Dopamine and Unpredicted Alcohol Delivery: Effects of Alcohol Consumption

Project: Research project

Project Details


DESCRIPTION (provided by applicant): The exact eurobiological factors [that drive problem drinking and contribute to relapse to hazardous drinking] remain unidentified. Understanding the neurochemistry that underlies [alcoholism and relapse] will ultimately result in more effective treatment strategies. Recent research has indicated that the neurotransmitter dopamine (DA) is involved in attributing salience to rewards: reward salience may determine how much an individual pays attention to a reward and how much an individual "wants" a reward. Several theories of addiction suggest that abnormally high "salience" attribution to alcohol [is a key factor in development of hazardous drinking, and may place an important role in explaining why some recovering alcoholics relapse.] [The DA salience signal response to rewards may prove to be a useful tool for development of therapeutic interventions and prediction of treatment response.] We propose that alterations in salience attribution are related to the development of alcoholism, and that DA responses to alcohol reward are indicative of salience attribution. The long-term goal of this work is increase our understanding of how DA is involved in the [unconscious processes that lead to chronic and excessive alcohol consumption]. The primary objective of this proposal is to compare the striatal DA responses to [predicted and unpredicted IV alcohol administration between nontreatment-seeking alcoholics (NTS) and social drinkers (SD). The central hypothesis of this proposal is that NTS subjects have abnormal salience attribution to alcohol that is mediated by striatal DA.] We will test the following specific hypotheses: [(1) NTS subjects will have increases in DA in response to expected IV alcohol but SD will not;(2) Unexpected (highly salient) IV alcohol administration will result in a greater magnitude of DA release in NTS compared to SD;(3) Unexpected caffeine administration will result in increases in DA in SD, but not NTS. Additionally, the dataset we collect will permit testing of a fourth, secondary hypothesis, which is to determine whether alcohol and smoking have an additive effect on deficits in striatal D2 receptor availability.] Changes in striatal DA levels will be detected using PET scanning and [11C]raclopride, a DA D2/D3 receptor ligand that is sensitive to changes in endogenous dopamine levels. Sixty social drinkers and sixty nontreatment- seeking alcoholics will each receive two PET scans. One scan will be acquired during a baseline state, the other during [either (i) an expected IV alcohol infusion to a target breath alcohol concentration of 80 mg%, (ii) an unexpected IV alcohol infusion, or (iii) an unexpected IV caffeine infusion.] Quantitation of changes in DA levels will be achieved by calculating the change in D2/D3 receptor availability from the [challenge] scan relative to the baseline scan. The knowledge to be gained from the extension of this work will significantly advance the field of alcohol research by providing novel and important information about how striatal DA signaling is related to hazardous alcohol consumption. PUBLIC HEALTH RELEVANCE: The neurotransmitter dopamine [is involved in communicating the importance of rewarding stimuli.] Characterizing the role of dopamine responses to alcohol reward in social drinkers and nontreatment-seeking alcoholics will provide new and important information about the neurochemical processes involved in alcoholism. The knowledge to be gained from this proposal will set the stage for future studies which will use dopamine responses to reward to investigate [(1) if effective treatments for alcoholism modulate the DA salience response, (2) if the DA salience response can be used to identify alcoholic individuals who are likely to respond to treatment and individuals who are likely to relapse, and (3) if the DA salience response can be used to provide personalized treatment plans for alcoholism in order to maximize clinical response.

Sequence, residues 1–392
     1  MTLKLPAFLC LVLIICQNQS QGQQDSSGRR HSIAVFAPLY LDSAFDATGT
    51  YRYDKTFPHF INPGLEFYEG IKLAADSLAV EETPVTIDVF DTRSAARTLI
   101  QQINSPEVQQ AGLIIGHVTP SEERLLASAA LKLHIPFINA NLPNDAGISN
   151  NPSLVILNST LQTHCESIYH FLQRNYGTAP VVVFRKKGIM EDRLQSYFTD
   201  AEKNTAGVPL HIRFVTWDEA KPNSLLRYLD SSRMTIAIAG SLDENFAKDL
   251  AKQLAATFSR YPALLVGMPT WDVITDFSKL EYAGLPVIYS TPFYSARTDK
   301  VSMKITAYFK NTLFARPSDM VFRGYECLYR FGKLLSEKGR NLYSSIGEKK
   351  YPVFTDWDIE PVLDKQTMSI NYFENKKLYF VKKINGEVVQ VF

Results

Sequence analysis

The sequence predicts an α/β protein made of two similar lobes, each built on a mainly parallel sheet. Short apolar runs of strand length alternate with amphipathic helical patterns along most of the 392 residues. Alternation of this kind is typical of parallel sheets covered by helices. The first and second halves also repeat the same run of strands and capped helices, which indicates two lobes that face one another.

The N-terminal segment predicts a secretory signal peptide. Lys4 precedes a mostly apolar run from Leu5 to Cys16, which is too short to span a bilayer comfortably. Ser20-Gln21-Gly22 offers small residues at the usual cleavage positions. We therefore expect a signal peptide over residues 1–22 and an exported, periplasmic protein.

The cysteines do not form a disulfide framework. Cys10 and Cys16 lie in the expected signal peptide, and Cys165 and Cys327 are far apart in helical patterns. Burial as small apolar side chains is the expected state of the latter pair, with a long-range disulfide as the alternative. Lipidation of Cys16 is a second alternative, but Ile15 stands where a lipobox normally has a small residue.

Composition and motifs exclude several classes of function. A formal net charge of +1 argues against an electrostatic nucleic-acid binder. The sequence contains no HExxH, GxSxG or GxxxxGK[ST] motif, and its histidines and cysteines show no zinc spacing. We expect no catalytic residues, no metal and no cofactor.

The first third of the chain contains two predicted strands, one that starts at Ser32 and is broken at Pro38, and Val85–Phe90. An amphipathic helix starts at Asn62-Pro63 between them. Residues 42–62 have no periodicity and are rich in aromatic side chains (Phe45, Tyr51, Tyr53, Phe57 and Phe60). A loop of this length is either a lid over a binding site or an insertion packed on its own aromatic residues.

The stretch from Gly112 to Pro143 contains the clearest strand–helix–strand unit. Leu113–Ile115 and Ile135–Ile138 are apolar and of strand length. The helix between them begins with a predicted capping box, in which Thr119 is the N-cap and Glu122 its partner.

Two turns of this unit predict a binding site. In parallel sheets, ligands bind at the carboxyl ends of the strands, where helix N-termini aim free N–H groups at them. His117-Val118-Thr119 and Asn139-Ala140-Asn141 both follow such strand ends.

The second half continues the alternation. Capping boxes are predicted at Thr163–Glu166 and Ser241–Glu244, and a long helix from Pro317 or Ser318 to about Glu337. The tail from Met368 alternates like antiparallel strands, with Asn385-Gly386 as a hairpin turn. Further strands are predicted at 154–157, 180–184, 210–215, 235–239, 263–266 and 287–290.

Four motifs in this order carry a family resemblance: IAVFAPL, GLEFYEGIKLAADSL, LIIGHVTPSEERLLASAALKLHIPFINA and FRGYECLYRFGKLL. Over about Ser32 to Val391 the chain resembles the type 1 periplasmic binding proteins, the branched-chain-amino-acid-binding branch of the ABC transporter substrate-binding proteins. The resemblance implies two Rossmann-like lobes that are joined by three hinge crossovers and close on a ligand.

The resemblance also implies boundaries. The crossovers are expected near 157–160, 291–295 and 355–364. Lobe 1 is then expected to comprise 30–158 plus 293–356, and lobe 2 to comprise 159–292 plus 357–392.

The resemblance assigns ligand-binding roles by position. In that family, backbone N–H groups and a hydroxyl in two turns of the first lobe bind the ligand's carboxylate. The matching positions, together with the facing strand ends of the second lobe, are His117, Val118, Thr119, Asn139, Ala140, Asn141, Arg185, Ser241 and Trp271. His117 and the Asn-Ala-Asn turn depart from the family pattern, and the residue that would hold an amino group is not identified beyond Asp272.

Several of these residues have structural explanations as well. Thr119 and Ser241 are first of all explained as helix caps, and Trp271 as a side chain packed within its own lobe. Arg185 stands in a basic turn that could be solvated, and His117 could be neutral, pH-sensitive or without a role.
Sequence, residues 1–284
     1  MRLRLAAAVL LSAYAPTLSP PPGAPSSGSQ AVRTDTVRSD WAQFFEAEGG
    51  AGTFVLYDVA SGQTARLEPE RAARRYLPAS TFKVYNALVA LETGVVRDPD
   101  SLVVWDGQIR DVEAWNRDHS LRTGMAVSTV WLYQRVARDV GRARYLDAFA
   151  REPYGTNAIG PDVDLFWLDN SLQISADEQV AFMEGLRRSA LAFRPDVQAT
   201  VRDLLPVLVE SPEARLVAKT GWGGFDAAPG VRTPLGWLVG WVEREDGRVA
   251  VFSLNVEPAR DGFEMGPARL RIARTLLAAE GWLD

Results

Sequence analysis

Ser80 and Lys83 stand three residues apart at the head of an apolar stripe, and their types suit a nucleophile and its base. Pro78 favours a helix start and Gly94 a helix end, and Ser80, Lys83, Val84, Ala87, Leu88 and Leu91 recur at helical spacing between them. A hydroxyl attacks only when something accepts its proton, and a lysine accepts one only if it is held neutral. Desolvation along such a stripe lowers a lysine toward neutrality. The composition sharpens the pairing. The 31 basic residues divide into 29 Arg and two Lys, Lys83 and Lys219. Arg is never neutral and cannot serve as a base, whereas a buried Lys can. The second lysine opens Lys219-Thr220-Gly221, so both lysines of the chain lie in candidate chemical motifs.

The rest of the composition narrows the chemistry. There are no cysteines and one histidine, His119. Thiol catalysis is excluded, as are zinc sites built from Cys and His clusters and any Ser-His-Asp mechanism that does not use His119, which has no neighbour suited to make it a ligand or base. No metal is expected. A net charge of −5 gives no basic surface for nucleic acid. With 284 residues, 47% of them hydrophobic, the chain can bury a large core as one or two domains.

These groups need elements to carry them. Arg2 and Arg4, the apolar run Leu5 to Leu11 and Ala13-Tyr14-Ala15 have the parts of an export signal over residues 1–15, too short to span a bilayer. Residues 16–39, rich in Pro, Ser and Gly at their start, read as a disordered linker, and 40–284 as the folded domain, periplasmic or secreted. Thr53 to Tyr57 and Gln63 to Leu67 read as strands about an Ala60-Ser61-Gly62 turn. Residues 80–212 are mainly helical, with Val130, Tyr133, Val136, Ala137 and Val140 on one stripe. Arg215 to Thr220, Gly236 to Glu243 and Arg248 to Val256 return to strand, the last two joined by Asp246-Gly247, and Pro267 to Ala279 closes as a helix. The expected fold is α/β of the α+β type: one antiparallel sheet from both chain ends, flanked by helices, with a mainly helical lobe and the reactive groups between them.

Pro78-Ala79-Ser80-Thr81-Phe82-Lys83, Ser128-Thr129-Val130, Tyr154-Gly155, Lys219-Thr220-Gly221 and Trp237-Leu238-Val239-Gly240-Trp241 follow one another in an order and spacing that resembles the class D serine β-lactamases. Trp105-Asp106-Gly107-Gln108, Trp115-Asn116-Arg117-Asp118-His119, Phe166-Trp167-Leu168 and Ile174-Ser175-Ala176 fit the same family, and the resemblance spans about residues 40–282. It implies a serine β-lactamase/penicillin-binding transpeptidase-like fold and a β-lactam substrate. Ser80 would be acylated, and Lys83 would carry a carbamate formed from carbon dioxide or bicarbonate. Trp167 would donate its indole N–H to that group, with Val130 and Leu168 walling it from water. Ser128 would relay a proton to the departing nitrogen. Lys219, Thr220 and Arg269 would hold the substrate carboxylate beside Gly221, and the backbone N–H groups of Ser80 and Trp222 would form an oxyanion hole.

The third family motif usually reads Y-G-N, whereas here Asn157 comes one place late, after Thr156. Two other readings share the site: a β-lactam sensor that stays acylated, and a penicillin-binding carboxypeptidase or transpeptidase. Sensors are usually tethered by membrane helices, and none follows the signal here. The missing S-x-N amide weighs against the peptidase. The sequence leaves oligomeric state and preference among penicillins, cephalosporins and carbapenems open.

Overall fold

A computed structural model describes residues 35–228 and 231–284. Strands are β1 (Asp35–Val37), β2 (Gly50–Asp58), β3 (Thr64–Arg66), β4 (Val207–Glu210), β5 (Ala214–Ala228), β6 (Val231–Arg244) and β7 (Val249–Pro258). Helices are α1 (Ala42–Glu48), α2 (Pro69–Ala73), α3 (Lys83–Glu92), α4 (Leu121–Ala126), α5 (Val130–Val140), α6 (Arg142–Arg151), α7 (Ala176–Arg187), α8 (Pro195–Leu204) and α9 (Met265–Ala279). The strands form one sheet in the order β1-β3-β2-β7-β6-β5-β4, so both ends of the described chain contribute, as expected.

Effective start/end date8/1/117/31/16


  • National Institutes of Health: $429,969.00
  • National Institutes of Health: $431,398.00
  • National Institutes of Health: $449,142.00
  • National Institutes of Health: $447,571.00
  • National Institutes of Health: $412,477.00


  • Medicine(all)

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